Worker Health & Safety

Very little information has been released by the Army on the health of former Rocky Mountain Arsenal workers. I wondered about this…but then I began to study secrecy. Late one September night as I was reading Chapter 13 of the Advisory Committee on Human Radiation Experiments, my eye caught the following paragraph and subsequent footnote(s) [emphasis-added]:

In the case of research related to chemical and biological warfare, the military issued a secret edict that published articles be cleansed of any reference to military purpose. [70] In many cases the opportunity to obscure the full purpose of research by careful wording was obvious.

As a DOD document put it, “the term ‘radiobiology’ is so flexible semantically that, depending upon the investigator’s point of view, any project could be classified as ‘clinical’ or ‘basic’ or ‘nuclear weapons effects.’ ” [71]

Footnotes to the above quote:

70. W. G. Lalor, Rear Admiral, U.S. Navy (Ret.), Secretary, Joint Chiefs of Staff, to Chief of Staff, U.S. Army et al., 3 September 1952 (“Security Measures on Chemical Warfare and Biological Warfare”) (ACHRE No. NARA-012495-A), 2. In the memo to the service chiefs of staff, the Joint Chiefs decreed that “responsible agencies” should “[e]nsure, insofar as practicable, that all published articles stemming from the BW [biological warfare] or CW [chemical warfare] research and development programs are disassociated from anything which might connect them with U.S. military endeavor.

71. Office of the Director of Defense Research and Engineering, Thirtieth Joint Medical Research Conference, minutes of 8 January 1964 (ACHRE No. DOD-062994-A), 3.

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In a previous work, I stressed that bureaucratic language is essentially linked to power; language, coupled with outright omissions of information,  can be used to  conceal  information.  By applying the broad category of “radiobiology” or  “cleansing” the literature of any reference to the military experimentation or projects, the military undermined the time-honored practice of scientific peer review as well as obfuscated informed consent of volunteers and the public’s right to know of the military’s [covert] contribution to the research literature.

This manipulation of language – not an uncommon occurrence as a technique of secrecy keeping – jeopardizes historical understanding and sorely tarnishes public confidence in government research. This situation calls to [my] mind sociologist Max Weber’s observation in Economy and Society, where Max asks

“…how can there be any guarantee that any powers will remain which can check and effectively control the influence of this stratum? How will democracy even in this limited sense be possible at all?”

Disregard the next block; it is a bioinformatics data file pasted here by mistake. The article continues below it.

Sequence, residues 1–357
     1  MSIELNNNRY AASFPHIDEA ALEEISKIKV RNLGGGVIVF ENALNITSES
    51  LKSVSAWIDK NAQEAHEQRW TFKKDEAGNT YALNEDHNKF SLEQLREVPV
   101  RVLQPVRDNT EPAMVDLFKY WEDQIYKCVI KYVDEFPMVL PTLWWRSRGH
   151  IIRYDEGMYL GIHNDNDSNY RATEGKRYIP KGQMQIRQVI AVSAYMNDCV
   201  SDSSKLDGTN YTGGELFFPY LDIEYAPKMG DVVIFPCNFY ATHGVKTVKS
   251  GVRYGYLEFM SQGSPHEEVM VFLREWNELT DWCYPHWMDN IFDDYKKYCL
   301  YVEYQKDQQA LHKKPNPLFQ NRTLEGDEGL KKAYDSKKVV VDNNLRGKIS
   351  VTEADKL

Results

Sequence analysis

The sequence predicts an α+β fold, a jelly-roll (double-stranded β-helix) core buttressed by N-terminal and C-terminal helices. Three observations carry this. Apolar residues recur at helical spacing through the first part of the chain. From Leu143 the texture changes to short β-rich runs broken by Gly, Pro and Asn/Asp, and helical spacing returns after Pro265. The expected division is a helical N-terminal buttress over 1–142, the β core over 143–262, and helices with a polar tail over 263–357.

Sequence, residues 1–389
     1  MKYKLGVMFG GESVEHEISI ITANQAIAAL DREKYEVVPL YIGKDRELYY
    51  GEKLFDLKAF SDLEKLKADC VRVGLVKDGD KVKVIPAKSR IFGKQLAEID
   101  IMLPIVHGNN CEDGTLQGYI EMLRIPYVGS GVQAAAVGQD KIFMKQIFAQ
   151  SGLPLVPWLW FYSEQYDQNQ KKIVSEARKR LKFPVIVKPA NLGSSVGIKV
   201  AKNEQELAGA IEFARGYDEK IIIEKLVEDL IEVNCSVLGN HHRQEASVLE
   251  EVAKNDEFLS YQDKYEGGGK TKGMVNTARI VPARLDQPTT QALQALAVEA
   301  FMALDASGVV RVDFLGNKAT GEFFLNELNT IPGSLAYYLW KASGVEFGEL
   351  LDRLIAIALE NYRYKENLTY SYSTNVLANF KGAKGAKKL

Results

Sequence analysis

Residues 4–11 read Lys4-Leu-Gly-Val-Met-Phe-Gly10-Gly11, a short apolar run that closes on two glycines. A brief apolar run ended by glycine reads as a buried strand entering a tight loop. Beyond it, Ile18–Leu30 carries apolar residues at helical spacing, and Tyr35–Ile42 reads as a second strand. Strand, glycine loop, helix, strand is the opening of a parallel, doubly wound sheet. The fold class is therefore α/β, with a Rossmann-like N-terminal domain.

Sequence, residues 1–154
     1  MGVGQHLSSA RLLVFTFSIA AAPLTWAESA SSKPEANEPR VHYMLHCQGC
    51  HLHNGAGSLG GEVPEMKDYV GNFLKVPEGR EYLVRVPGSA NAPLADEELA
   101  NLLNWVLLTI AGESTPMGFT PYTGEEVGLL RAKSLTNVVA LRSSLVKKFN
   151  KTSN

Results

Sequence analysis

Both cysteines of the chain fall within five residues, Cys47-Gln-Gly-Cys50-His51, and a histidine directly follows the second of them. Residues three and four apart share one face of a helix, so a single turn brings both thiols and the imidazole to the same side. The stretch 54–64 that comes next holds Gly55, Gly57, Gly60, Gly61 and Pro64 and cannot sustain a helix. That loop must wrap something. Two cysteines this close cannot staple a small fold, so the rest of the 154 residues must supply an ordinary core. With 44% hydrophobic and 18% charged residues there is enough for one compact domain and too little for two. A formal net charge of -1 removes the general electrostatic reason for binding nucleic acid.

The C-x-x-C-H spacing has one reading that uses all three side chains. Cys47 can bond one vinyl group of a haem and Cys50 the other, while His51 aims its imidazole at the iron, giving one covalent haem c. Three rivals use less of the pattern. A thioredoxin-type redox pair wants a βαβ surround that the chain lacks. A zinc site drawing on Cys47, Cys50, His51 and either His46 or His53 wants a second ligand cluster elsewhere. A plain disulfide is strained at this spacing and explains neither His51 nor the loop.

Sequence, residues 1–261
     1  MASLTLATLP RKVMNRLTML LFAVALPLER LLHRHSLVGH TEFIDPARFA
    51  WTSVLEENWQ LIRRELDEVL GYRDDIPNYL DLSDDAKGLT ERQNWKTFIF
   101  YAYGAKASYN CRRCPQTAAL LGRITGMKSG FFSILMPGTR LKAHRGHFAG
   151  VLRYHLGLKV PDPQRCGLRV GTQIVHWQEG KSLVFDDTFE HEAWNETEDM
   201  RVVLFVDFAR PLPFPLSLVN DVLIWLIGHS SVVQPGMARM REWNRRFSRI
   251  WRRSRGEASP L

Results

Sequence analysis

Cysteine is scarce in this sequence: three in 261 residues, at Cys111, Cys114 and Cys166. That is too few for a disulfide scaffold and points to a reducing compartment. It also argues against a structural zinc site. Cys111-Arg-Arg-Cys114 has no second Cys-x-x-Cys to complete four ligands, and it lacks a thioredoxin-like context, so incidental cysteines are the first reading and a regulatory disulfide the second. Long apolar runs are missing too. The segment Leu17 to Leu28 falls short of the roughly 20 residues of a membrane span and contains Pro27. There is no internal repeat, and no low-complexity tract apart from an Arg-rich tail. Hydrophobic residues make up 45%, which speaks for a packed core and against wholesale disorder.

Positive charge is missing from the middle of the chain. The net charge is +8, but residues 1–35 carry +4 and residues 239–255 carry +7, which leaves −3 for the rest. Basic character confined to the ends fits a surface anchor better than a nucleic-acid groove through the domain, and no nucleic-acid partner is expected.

With this in mind, consider the following:

Look over the Department of the Army, RMA Review and Analysis, 4th Quarter 1970, a doc I received under FOIA. The doc mentions demil and two projects: Project GEMS and Project LEACHE [Long Term Effects Anticholinesterase.] There is no mention of informed consent on the 148 “exposed personnel.” I wonder: were the workers mentioned in the LEACHE study the “industrial workers” of the Holmes and Metcalf study (below)?

The Metcalf and Holmes study, (June 23, 1969, Annals of the New York Academy of Sciences), which disingenuously characterizes the study as “industrial and agricultural workers” exposed to pesticides. RMA [chemical weapons] workers are a component of the study cryptically indicated by “RMA” (circled) printed on Table 1.

At the January 26, 2000 EPA [Bob Martin] Ombudsman’s hearing on RMA, Dr. Robert McFarland testified to treating Sarin-exposed workers at Colorado General Hospital during the late 1950s while a resident. The medical school (University of Colorado), McFarland said, was doing a Army funded study on an antidote to Sarin exposure using 2PAM, or pyridine 2-aldoxime; this antidote was investigated as an alternative to the traditionally used atropine in cases of Sarin poisoning. Dr. McFarland reported the physicians who administered the study were ordered by their dean to participate as the medical school “was so hard up for money after World War II we had to take any study we could get.” [Thanks to Dr. McFarland for providing this document].

Miscellaneous McFarland correspondence on RMA worker exposure studies were a “cover” for testing a Sarin antidote, 2-PAM.  Workers eventually sued the University of Colorado.

Former RMA worker Ray Laughbridge tells his story in Denver magazine September, 1976. Note: Dr. Joseph Holmes of the Metcalf and Holmes study worked for the Army Chemical Service.

Posted on July 9, 2011, in History, Informed consent, Risk, Secrecy, U.S. Army Chemical Corps, Worker Health & Safety. Bookmark the permalink. Comments Off on Worker Health & Safety.

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